July 14, 2004

Carpenter pen.

Per The Writer's Edge: "CARPENTER SPACE PEN. Includes Scale, (CM and Inches), Magnetic strip, Drywall gauge, Level, Plumb, Cross Level. Contains Black Ink, Medium Point Pressurized Fisher Space Pen. Writes at any angle, on drywall, wood, metal, glass, plastic, rubber, foam and in extreme freezing cold down to -50F below zero." I was talking to my friend Dan on the computer last night, and I lamented that I don't have any useful skills, since I've been studying thinking since 1997 non-stop. We were talking about carpenter pencils (I think they're really cool), and I thought of our talk when I saw this carpenter space pen today. I have a request out to the owner of my favorite space pen source, asking for Jim Fisher's address (Mr. Fisher invented space pens), since said owner knows Mr. Fisher personally. I've always wanted to write to him. Well, I may not have any useful skills. But I have some useful gear. Aside from the excessively (yes, I mean that) useful Moleskines, there are the always useful space pens. They go well together, even if you like gel ink sometimes, like me. Or old-school pencils.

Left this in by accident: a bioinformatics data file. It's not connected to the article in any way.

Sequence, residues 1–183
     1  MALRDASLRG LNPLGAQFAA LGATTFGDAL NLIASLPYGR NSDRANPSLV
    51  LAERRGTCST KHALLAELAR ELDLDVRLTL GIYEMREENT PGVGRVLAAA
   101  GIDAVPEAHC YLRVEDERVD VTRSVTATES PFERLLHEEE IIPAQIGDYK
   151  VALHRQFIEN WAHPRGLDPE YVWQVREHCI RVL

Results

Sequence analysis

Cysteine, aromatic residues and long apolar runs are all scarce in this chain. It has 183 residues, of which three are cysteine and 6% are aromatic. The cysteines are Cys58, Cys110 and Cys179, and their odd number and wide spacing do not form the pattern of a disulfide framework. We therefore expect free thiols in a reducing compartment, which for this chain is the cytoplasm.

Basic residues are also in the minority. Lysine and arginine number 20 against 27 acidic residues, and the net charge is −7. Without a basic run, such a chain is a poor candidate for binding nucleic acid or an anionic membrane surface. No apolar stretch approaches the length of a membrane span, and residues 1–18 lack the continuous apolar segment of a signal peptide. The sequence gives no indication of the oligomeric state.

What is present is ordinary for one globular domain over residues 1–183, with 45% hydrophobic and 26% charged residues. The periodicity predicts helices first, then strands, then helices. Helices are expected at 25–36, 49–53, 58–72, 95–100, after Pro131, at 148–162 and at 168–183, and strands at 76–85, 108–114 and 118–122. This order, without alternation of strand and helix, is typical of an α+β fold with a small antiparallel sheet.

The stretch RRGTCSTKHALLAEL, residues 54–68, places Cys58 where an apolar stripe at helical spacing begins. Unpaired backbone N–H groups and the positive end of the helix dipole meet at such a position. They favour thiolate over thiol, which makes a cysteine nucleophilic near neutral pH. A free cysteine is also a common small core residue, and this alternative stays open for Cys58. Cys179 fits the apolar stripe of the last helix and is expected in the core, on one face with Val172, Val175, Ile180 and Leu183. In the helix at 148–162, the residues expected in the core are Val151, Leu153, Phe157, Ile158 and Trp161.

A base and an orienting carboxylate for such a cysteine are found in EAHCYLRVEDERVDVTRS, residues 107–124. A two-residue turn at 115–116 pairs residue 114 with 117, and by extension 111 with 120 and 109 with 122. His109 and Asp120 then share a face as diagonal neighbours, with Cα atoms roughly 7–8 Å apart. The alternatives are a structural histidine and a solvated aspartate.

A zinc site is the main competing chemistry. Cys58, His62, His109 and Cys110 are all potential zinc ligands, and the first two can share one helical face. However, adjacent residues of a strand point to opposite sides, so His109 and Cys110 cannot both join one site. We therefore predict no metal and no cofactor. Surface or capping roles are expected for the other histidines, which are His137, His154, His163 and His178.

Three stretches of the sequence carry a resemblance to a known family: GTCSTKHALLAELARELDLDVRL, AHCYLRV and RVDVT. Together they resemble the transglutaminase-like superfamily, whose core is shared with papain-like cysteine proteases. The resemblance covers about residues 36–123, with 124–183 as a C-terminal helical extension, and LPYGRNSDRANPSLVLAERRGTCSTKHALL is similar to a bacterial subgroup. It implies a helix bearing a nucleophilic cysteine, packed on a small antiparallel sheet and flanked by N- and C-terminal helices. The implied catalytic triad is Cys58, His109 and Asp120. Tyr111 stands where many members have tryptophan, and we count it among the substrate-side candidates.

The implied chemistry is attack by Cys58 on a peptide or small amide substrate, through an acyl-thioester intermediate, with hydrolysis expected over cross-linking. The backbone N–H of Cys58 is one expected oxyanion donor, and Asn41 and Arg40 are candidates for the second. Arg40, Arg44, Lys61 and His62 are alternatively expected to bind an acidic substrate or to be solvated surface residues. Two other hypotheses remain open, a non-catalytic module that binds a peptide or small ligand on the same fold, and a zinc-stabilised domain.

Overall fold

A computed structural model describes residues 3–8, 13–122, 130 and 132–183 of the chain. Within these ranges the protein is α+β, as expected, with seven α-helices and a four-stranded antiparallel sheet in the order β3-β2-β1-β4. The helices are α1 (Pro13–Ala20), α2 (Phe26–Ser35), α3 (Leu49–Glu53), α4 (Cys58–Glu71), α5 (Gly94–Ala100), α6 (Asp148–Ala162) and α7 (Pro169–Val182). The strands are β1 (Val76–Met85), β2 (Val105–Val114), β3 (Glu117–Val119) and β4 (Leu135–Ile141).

Anonymous said...

Well, John, guess this now means that you're writing is on the level. < snicker > Also that you can better measure your words against others with the Carpenter Space Pen. ;-)


Anonymous said...


I like this one. I've always used a plain but long-sharpened pencil for this kind of work.

I think the Germans are the best at technical drawing and writing equipment. I have a beautiful fold-out ruler that my father-in-law brought back from grmany - I use it around the house when I have to do R&M, and it's always accurate. Iteven has a protractor built into one end, when you fold it triangularly.
On practicality ( the "highest aesthetic" - be practical then beautiful - it doesn't work the other way around ) I've always been a fan of Pelikan pens, too - especially the cheap M100 school pen - but you can't get them in Australia at the moment.

Love your work,